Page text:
The changes in the scrap vs. iron ore ratio may be contributing some to the recent downward pressure in the BUS futures market in the nearby months as the chart below illustrates, which is somewhat odd as we typically see scrap prices supported during the winter months.  

In conclusion, whether you are fearful of a rapid decline in steel pricing or are interested in locking in margins or providing longer-term fixed pricing to your customers, the HRC futures contract can be a valuable tool in navigating steel market uncertainty.

Regardless of whether this steel market turns out to be a five round UFC-type fight or a 12 round heavyweight bout, it pays to keep your gloves up and head on a swivel!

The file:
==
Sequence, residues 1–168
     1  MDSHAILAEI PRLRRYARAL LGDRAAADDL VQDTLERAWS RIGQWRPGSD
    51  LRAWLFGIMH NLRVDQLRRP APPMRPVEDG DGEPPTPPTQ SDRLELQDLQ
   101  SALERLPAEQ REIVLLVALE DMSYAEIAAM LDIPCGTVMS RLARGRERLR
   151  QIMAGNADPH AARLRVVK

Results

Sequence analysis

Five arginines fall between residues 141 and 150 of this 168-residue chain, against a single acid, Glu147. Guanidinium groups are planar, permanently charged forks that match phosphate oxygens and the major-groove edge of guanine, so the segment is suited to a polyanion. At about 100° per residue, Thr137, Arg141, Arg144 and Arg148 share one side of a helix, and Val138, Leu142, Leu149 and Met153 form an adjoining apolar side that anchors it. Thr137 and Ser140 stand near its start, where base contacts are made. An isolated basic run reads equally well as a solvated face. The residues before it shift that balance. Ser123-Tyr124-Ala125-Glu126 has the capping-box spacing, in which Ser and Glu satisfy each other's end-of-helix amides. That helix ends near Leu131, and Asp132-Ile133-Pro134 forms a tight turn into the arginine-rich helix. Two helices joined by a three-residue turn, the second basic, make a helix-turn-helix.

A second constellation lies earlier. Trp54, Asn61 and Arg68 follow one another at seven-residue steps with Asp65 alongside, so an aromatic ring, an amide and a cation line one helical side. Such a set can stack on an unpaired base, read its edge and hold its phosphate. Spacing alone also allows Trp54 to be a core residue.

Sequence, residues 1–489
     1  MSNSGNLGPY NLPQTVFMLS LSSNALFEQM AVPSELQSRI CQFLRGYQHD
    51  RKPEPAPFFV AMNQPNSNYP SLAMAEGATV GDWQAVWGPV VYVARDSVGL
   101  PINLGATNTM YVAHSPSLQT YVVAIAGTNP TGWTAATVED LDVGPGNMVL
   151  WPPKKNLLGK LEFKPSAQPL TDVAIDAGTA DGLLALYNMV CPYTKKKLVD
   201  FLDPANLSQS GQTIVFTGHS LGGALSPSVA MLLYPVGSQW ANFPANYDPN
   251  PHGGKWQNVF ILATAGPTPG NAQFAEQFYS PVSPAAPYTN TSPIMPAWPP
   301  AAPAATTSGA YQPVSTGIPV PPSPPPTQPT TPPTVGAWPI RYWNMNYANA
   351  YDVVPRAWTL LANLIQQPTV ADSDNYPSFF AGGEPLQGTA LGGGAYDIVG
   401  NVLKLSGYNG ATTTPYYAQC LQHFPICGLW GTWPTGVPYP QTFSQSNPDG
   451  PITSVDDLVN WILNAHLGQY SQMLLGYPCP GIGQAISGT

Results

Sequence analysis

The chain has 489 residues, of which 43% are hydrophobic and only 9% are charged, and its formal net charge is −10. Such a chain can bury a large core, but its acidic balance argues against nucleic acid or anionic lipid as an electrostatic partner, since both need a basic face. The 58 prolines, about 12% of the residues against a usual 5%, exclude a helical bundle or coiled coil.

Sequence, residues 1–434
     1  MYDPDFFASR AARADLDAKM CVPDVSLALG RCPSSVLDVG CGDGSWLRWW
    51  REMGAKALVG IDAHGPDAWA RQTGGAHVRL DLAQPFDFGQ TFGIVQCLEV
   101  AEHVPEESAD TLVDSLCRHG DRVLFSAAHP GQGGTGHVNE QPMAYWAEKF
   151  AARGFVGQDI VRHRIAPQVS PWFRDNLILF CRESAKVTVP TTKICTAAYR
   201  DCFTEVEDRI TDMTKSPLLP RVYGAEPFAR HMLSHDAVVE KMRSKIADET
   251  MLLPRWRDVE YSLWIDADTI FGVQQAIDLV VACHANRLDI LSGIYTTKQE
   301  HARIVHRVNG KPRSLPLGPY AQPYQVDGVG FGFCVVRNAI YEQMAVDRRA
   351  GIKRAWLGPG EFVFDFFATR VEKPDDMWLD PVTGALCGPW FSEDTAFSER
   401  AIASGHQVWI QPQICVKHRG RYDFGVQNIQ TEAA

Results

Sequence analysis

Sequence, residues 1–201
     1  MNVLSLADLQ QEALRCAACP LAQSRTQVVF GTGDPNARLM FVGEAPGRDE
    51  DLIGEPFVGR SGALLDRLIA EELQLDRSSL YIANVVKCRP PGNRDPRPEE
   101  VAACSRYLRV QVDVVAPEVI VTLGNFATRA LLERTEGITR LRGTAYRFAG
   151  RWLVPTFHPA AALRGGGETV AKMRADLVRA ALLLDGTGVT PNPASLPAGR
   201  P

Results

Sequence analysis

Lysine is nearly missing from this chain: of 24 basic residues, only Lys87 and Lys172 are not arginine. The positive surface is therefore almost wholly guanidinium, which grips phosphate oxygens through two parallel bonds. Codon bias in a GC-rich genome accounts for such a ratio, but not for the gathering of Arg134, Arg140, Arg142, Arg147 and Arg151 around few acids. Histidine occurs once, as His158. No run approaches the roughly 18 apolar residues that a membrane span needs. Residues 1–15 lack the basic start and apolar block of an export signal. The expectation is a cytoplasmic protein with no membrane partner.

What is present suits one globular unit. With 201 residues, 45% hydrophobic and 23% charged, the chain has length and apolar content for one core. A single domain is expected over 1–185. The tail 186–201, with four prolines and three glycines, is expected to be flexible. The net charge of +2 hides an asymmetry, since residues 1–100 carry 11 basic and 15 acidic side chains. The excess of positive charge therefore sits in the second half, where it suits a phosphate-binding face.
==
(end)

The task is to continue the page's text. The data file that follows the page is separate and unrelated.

Disclaimer: The information in this write-up does not constitute “investment service,” “investment advice,” or “financial product advice” as defined by laws and/or regulations in any jurisdiction. Neither does it constitute nor should be considered as any form of financial opinion or recommendation. The views expressed in the above article by Metal Edge Partners are subject to change based on market and other conditions. The information given above must be independently verified and Metal Edge Partners does not assume responsibility for the accuracy of the information.